Kremlin propaganda is actively working on portraying the West, which supported the Ukrainians in their self-defense, as an enemy. Back in May 2022, the Minister of Foreign Affairs of Russia, Sergei Lavrov, claimed that the West "declared a total war on the whole of Russia." The natural reaction of democracies to hold Putin's dictatorial regime accountable by introducing various restrictive measures is presented as "Russophobia" and a "culture of cancellation" toward Russia. And in many cases, such "discrimination against Russians" in the West is simply invented by Moscow. As, for example, it happened during Vladimir Putin’s recent meeting with Russian university students.
During the staged conversation, one of its participants, who introduced herself as Daria Semenova, complained to Putin that she "faced oppression of her rights as a citizen of the Russian Federation" in Austria, as a result of which she was forced to return to Russia. According to her, this happened while she was studying at the Vienna State University (Universität Wien), where she "studied transnational communications."
"I received a paper from my university – a few days after the start of the special military operation – with a request to sign it, where it was written that Russia is a terrorist state and that I should support Ukraine. I did not sign it. It was my choice, I think I did the right thing," Daria Semenova told Putin, adding she is "glad to return" to the Russian Federation, where she became a proud student of RUDN.
Screenshot from the news piece about Putin's meeting with students from kremlin.ru:
Whether Daria Semenova really studied at the University of Vienna has not been verified. During the meeting, however, she, as well as Putin (who, obviously, knew about the issue), used the greeting "Grüss Gott", common in Austria. Ukrinform asked the Universität Wien whether such a student really studied at the university. However, the higher education facility avoided a direct answer to this question, noting at the same time that the "Transnational Communications" specialty, which Semenova spoke about, is not among those available in the university.
Screenshot from the video with D. Semenova's address to Putin:
But it is known for certain that Daria Semenova's statement about her alleged oppression as a citizen of the Russian Federation in Austria and, in particular, her being coerced to recognize Russia as a "terrorist state" and to support Ukraine, is a lie. The educational facility denied the statements made by the student at the meeting with Putin, noting that the university did not send out any letters with the mentioned appeals.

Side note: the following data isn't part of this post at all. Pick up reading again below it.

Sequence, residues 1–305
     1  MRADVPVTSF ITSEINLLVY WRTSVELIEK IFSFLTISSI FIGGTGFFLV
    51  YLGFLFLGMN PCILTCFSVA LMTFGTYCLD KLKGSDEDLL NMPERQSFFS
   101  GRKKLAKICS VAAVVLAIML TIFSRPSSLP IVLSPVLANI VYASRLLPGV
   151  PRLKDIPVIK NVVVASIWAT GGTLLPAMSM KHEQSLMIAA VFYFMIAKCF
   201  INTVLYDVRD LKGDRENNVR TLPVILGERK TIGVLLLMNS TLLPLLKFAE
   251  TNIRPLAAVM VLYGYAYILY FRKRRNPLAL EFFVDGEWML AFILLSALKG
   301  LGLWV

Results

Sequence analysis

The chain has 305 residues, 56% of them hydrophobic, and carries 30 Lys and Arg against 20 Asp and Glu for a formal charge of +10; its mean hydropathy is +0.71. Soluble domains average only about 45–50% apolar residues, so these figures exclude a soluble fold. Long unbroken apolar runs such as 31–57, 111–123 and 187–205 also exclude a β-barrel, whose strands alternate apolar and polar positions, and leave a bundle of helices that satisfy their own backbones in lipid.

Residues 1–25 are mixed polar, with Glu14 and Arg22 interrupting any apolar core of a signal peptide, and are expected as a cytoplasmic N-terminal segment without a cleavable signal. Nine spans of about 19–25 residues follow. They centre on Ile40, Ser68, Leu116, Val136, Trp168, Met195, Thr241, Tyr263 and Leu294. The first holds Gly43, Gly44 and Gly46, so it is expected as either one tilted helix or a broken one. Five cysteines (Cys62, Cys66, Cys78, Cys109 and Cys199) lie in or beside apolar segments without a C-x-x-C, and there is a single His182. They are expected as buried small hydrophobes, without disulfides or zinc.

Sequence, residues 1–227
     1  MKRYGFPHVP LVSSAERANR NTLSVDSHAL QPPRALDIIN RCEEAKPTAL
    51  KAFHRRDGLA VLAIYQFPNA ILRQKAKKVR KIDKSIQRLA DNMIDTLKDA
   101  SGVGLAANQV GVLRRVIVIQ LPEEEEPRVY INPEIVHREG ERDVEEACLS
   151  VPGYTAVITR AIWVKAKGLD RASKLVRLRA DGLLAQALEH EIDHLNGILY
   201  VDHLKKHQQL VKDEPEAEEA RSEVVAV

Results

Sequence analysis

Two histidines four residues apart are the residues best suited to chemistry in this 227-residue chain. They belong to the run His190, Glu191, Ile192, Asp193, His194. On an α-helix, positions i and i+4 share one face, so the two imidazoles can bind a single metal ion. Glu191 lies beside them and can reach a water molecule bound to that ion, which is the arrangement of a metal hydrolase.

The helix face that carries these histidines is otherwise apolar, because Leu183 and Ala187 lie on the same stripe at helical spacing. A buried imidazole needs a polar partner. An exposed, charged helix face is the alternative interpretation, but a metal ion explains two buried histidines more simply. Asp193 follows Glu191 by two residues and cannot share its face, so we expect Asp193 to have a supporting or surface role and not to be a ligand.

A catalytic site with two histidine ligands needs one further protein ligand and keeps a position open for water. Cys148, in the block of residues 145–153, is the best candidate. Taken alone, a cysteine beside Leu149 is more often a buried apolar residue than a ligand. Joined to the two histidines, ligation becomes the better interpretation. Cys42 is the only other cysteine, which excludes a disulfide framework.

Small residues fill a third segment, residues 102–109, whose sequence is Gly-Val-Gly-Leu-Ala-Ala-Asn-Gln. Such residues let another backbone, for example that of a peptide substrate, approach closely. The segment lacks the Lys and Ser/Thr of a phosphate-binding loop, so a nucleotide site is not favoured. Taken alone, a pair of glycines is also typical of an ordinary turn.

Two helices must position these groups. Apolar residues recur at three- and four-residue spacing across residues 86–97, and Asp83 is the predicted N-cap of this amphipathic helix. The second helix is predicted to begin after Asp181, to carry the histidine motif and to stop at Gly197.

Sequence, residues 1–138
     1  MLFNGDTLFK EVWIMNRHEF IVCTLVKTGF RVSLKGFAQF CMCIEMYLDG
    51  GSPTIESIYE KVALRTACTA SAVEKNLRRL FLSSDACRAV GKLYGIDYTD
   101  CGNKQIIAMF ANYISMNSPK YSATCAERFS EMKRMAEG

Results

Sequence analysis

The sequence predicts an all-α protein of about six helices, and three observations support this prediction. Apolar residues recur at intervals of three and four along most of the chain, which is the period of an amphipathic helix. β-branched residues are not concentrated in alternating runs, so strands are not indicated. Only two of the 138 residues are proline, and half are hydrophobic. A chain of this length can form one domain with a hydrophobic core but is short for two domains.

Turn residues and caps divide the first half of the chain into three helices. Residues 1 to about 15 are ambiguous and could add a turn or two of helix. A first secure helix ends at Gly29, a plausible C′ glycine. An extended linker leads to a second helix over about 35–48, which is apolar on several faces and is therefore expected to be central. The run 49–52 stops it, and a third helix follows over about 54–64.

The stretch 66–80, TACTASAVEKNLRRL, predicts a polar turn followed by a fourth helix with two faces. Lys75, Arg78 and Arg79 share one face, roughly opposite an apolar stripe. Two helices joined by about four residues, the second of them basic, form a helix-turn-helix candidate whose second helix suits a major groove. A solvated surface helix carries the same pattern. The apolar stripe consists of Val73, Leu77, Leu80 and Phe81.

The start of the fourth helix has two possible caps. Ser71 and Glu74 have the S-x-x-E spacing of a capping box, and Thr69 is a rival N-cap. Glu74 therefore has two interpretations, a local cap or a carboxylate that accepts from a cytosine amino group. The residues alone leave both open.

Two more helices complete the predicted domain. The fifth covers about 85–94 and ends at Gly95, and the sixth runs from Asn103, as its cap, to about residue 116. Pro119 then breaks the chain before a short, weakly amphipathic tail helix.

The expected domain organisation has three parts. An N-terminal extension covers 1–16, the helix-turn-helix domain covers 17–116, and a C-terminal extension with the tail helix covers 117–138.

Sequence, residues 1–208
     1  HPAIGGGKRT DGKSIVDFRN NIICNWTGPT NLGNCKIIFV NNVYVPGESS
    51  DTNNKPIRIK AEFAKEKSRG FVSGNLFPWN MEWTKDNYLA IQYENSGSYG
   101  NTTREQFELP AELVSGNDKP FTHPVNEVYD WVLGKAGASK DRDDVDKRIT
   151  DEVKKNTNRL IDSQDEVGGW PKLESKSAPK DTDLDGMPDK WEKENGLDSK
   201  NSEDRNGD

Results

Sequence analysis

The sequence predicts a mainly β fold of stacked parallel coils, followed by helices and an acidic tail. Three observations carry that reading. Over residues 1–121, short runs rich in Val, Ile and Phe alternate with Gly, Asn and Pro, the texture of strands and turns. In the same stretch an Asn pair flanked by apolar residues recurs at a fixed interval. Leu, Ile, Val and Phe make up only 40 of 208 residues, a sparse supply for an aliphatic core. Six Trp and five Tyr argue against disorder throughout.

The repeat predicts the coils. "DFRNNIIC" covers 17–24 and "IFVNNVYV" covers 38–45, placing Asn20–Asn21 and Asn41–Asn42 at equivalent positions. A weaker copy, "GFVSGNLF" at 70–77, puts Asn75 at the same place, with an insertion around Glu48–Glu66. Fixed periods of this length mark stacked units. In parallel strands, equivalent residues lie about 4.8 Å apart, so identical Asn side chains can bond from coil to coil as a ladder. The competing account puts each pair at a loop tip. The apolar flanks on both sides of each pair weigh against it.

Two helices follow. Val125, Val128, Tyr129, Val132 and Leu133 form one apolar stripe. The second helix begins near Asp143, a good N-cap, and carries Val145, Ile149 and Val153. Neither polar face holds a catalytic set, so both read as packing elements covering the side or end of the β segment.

"The University of Vienna clarifies that the statements made are not true. The University of Vienna did not send any letters as claimed, nor were there any requests to sign up for anyone's support. Moreover, there is no educational course as Transnational Communication at Uni Wien,” the press service of Universität Wien said, commenting n the relevant statements by Semenova.
At the same time, a letter was offered to show how the university actually communicated with students a week after Russia’s full-scale invasion of Ukraine. The letter on behalf of the rectorate of the university entitled "Situation in Ukraine - Proposals for support" was sent out on March 2, 2022, addressed primarily to students from Ukraine – it contained words of support and useful information they could use.
In particular, in the letter, the University of Vienna declared its "support for the Ukrainian people in their struggle for freedom and democracy," but also expressed "respect for all those people in the Russian Federation who oppose the criminal policy of their government."
"We stand in solidarity with our Ukrainian colleagues and students and will take measures to support them. We realize that many students now have great existential worries and fears. We fully understand that your care and attention are focused on your families and friends. We know, that some of you cannot leave Ukraine at this time and that technical capabilities are limited. We offer our teaching support in this difficult situation," the letter stated.
It contained information on studies and exams, admission, academic leave, as well as contact details and consulting services that can be found on a separate section of the university's website. It was also noted that academic supervisors and teachers of students affected by the Russian war were asked to consider their requests, for example, regarding tardiness or alternative exam formats.
"We wish you strength in this difficult situation and support you as a university!" the letter read.
It contains no calls to sign up to the recognition of Russia as a terrorist state or coercion to support Ukraine, as Darya Semenova complained to Putin.
Screenshot of the letter from the management of the University of Vienna to students dated March 2, 2022:
Vasyl Korotkyi, Vienna